In late 1949 an advert was placed in the Macclesfield Times by the late Eric Pastore, inviting anglers interested in fly fishing to a meeting in the Bate Hall Hotel in Macclesfield. This meeting took place on the 7th December of that year and the 18 persons present agreed on the formation of Macclesfield Fly Fishers.
With no waters available the Club approached the Earl of Derby to see if they could lease the upper reaches of the River Dane and other associated streams. An initial 5 year lease was agreed and as they say, the rest is history as the Club blossomed. By 1952 a cap on the number of members was agreed at 100 to limit membership and preserve the quality of the fishing on the streams. Also in that year a proposal was put to the Earl of Derby’s estate with a view to purchasing the fishing rights on the then leased streams. This purchase was finalized in 1959 and the capital raised with guaranteed loans from the members of the Club. The Club’s waters at that time comprised Clough Stream, Back Dane, Barley Ford, Watersmeet and Ravensclough, all set in the picturesque Wildboarclough and Dane valleys, with additional fishing on Ingersley pool. Over the years some of these waters have changed hands but the Club still owns fishing rights on the upper reaches of the river Dane and its streams.
By 1956 the Club had added another water for its members in the form of Crag Pool, again leased from the Earl of Derby’s estate. This fishery continued to be leased by the Club up until 2010. More river fishing on the river Dane was leased at Hug Bridge in 1958, and the rights subsequently purchased in 1972 to add to the Club’s other rights.
Over the years many other local waters, both large and small, were either leased or considered for rental. In 1968 the Club tendered the then Macclesfield Water Board for the fishing on the Langley reservoirs. The tender was accepted by the Board and fly fishing commenced on Ridgegate Reservoir in April of that year as a brown trout fishery.
In 1970 trial stocking of the reservoir took place with a limited number of rainbow trout to supplement the stock of brown trout. This proved successful and the Club continues to stock the water with both brown and rainbow trout, being one of the few Clubs in the area to provide quality brown trout fishing. Many of the current members operate a voluntary catch and release policy in order to allow the brown trout the opportunity to grow on, something that Ridgegate Reservoir is well capable of, given the opportunity.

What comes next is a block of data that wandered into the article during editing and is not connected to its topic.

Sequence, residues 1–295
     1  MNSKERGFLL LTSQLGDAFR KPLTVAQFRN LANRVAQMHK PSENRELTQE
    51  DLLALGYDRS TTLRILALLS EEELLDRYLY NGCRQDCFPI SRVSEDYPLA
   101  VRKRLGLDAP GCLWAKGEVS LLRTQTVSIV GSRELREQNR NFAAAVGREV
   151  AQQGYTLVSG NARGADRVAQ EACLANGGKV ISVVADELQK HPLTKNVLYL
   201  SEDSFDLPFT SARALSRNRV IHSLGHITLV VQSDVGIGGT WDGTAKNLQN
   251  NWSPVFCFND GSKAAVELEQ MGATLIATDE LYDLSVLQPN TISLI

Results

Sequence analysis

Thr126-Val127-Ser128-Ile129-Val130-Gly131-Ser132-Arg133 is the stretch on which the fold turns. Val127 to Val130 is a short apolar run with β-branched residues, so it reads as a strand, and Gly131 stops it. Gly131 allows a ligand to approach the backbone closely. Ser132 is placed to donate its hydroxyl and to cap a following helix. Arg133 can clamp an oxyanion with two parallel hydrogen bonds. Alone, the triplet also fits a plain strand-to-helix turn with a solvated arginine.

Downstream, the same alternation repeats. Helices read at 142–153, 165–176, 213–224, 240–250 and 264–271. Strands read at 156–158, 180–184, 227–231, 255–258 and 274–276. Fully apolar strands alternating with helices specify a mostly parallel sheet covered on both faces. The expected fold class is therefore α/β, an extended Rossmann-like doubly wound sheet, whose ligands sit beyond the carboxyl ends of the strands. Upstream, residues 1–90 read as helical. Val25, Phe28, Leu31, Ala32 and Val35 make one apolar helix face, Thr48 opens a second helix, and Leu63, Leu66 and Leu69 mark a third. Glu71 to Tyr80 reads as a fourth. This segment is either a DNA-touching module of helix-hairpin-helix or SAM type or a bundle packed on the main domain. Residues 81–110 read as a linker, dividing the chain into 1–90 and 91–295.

The Club has always remained very active, keen to conserve and improve the quality of its fishing. For several years from 1967 the Club introduced soluble chalk into Clough Stream on an annual basis to improve the pH and quality of the water. In more recent times the Club has worked closely with the Environment Agency and local farmers to improve the habitat on the rivers. Projects have been undertaken with grants from the EA to introduce structure to the river to improve fish holding areas. This has proved highly successful. Also the EA monitors the river on a regular basis to carry out fish and invertebrate surveys.
In 1973 the Club also leased the fishing on Trentabank Reservoir from the Macclesfield Water Board. This fishing continued for several years but was given up in 1977.
Following the infamous “wall of water” flood in Wildboarclough in 1989, the Club took the decision that nature needed time to repair the damage done and fishing was suspended to allow the stream to recover. Fishing recommenced in 1994.
For many years, from the seventies onwards, the Club put names forward for those wishing to fish the England International eliminators with several members representing internationally.
1993 saw the introduction of fly tying tuition through the winter evenings to the Club’s activities. This continues to this day, along with a social fishing competition in the summer, run each year on the Club’s reservoir. Other activities include regular working parties on the reservoir, rivers and streams, as part of the Club’s commitment to general maintenance.
2009 saw another milestone event for the Club. The decision was taken to form the Club into a limited company. This was duly done and met with the approval of the membership.
In 1999 and 2009 the Club celebrated its 50th and 60th anniversaries respectively, demonstrating how far the Club has come since that initial advert in the local paper back in 1949. Here’s looking forward to the centenary celebrations of the Club.